Limited clarity to a proposed 2020 season

The shortages caused by the coronavirus pandemic haven’t impacted the number of questions about baseball’s attempts to play in 2020.

Spring training locations appear to be solved, with teams expected to work out in their home ballparks rather than the camp facilities. The Orioles won’t have all those fields and bullpen mounds at their disposal, so they’ll need to get creative while conducting their drills.

If they could train at Fort Lauderdale Stadium, they should be able to train anywhere. Including my backyard.

Just watch out for the animals living under the shed. A grounder that rolls through one of the holes could become a gopher ball.

(Full disclosure: We have a groundhog living under the shed, but he just became a gopher to make the joke work.)

No one knows whether the Orioles could use ballparks marked for their affiliates. Or what they’re going to do about the minor leaguers who aren’t expected to have a 2020 season.

Teams will be given a taxi squad. Do these players work out somewhere outside of Camden Yards? And I don’t mean the parking lot.

Would the Orioles be willing to start the clock on some of their top prospects, bringing, for instance, Ryan Mountcastle and Keegan Akin to the majors in a shortened season without minor league games available to them?

Mountcastle is going to find it harder to work on plate discipline and increase his walk total. Akin is going to find it harder to lower his own. Those games were necessary beyond slowing the clock.

The season will be cut in half. Teams are expected to play only within their division and against clubs in the same region in the other league. No cross-country travel.

Social distancing will be enforced, with players spread out in the dugout and perhaps in empty stands. Fans will be kept out for an indefinite period.

The distancing will take a hit if there are plays at the plate or on the bases, or when multiple players track a pop up or fly ball. It can’t be avoided unless the game is going to undergo more serious rule changes, in which case it should remain shut down.

I understand the importance of television revenue and getting back to some semblance of normalcy. Just don’t make a complete mockery of the sport.

No spitting, high-fiving, fist-bumping or chest bumps. Sunflower seeds are the devil. The adjusting of protective cups is probably still under discussion.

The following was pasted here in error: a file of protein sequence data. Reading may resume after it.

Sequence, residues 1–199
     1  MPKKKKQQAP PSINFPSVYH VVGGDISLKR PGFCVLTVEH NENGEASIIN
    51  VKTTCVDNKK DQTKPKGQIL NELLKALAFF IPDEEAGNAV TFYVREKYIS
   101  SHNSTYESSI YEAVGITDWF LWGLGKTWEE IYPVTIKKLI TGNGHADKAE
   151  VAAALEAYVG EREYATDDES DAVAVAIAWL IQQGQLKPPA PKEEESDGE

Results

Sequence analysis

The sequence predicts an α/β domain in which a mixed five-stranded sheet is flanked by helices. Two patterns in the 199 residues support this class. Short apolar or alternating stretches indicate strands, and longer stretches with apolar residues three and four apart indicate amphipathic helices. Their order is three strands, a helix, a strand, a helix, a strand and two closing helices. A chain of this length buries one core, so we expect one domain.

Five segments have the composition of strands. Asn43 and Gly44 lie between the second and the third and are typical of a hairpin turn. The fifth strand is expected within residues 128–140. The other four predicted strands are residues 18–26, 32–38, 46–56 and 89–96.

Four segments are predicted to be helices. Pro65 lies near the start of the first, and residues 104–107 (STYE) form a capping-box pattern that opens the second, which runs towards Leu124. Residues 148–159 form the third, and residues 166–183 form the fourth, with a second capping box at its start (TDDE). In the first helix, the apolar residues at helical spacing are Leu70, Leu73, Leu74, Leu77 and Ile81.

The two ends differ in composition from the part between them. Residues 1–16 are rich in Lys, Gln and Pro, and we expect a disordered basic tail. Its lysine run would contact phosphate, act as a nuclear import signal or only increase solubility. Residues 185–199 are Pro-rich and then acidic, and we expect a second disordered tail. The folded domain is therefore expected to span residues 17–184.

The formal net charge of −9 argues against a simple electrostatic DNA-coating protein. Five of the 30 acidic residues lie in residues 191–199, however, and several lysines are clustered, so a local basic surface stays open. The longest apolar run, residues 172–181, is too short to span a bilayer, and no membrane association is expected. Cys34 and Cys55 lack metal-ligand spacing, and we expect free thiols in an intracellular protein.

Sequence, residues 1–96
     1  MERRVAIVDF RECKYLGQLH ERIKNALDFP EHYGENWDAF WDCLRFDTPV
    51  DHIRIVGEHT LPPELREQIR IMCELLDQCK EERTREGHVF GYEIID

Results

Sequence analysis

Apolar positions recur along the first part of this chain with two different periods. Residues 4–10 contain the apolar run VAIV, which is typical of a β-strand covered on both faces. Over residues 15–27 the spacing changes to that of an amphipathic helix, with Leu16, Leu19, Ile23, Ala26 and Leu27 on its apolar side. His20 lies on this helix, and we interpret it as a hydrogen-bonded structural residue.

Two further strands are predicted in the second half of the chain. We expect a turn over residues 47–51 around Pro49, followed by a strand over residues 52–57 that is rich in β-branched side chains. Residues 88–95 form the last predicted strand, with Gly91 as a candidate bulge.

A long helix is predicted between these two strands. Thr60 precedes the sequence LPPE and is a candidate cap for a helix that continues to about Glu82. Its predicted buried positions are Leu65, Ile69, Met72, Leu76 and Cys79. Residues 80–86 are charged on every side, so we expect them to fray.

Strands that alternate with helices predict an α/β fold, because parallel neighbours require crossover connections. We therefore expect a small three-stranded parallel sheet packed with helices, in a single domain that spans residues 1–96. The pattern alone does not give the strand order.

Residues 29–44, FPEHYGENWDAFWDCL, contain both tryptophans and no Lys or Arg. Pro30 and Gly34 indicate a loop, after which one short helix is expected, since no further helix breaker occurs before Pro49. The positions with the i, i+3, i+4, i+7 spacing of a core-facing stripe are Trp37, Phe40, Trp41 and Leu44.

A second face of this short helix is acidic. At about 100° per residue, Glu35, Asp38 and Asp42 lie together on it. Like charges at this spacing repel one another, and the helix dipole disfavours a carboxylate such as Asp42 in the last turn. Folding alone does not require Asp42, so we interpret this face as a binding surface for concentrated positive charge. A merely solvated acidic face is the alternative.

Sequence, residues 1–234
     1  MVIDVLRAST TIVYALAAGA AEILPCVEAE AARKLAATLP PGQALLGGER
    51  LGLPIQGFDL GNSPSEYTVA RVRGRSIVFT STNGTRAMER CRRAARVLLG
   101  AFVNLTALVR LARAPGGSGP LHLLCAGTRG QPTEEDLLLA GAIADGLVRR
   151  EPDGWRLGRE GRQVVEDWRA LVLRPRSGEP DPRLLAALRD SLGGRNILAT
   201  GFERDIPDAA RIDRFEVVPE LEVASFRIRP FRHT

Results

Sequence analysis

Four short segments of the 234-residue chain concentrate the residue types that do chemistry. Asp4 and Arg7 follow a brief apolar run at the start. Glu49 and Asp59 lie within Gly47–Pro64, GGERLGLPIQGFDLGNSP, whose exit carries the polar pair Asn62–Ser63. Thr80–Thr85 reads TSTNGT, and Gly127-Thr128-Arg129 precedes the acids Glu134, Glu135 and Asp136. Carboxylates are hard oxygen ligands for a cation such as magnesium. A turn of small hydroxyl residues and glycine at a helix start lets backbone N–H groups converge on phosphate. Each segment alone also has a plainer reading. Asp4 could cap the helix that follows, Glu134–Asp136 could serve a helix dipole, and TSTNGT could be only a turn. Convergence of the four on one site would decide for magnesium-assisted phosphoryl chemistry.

I mean, if you can’t touch your face ...

A report surfaced yesterday from MLB Network’s Jon Heyman that the postseason would conclude in late October or early November. The idea of playing games until late November has been nixed due to concerns over a second wave of the virus.

Can’t begin a baseball season and shut it down again. That scenario isn’t on the table.

As for the media, and I doubt that many people care, we’re still waiting for instructions. Whether we’re allowed inside ballparks and can conduct interviews beyond Zoom conference calls. Whether travel is going to be restricted.

No arrangement is perfect. None of them are official at this point.

If I can talk to a cashier at the grocery store, I should be able to replicate the late spring training arrangement with one-on-one or group interviews done outside the clubhouse and from the proper distance. Mask or no mask. But, again, we have no idea.

The auxiliary clubhouse used for manager interviews might be needed for the overflow of players. How else to separate the lockers?

On the bottom of the priority list is how we’d be fed. Press dining could be closed or adjusted to grab-and-go. Or we’d be instructed to bring our own food. Or we’d be instructed to begin fasting.

If the primary goal is to limit the number of people allowed inside the bubble, it makes sense to close the kitchen. It also should save teams money. And there are people in dire need of food during this pandemic. Sportswriters can figure out how to get fed.

PFPs and PBJs might be coming to a ballpark near you. Decisions must be made soon in order for teams to hold spring training 2.0 and be ready for opening day by the first week of July.

Today’s question: Which Orioles player are you most curious about in 2020, if there’s an actual season?

Hays-Tips-Cap-After-Robbing-HR-White-Sidebar.jpgI’m choosing Austin Hays.

I want to know whether he can be the everyday center fielder, which certainly is my hunch. I want to know whether he’s going to bat leadoff and how many bags he can swipe.

I want to know whether he’s doing to pound his chest again after leaping above the fence to take away a home run.

Note: The Orioles are hosting a blood drive on Saturday from 8 a.m.-2 p.m. at Camden Yards. Fans will receive two free ticket vouchers redeemable for a future Orioles home game in 2020 or 2021.

Donors can enter the ballpark at the Home Plate Plaza entrance, located under the green awning between Gates D and E. Complimentary parking will be available in Lot A.

No walk-ups are allowed. Appointments in advance can be made at (sponsor code: Orioles) or by calling 1-800-RED-CROSS.

“The Orioles recognize that hospitals and healthcare facilities in our community rely exclusively on volunteer blood donors to ensure a ready blood supply for those in need, especially during times of crisis,” said Jennifer Grondahl, senior vice president of community development and communications. “In partnering with Red Cross, Budweiser and the University of Maryland Medical System, we aim to support local healthcare organizations with a sufficient blood supply as they continue to care for our community. We encourage all fans who are healthy and able to do so to make a donation.”

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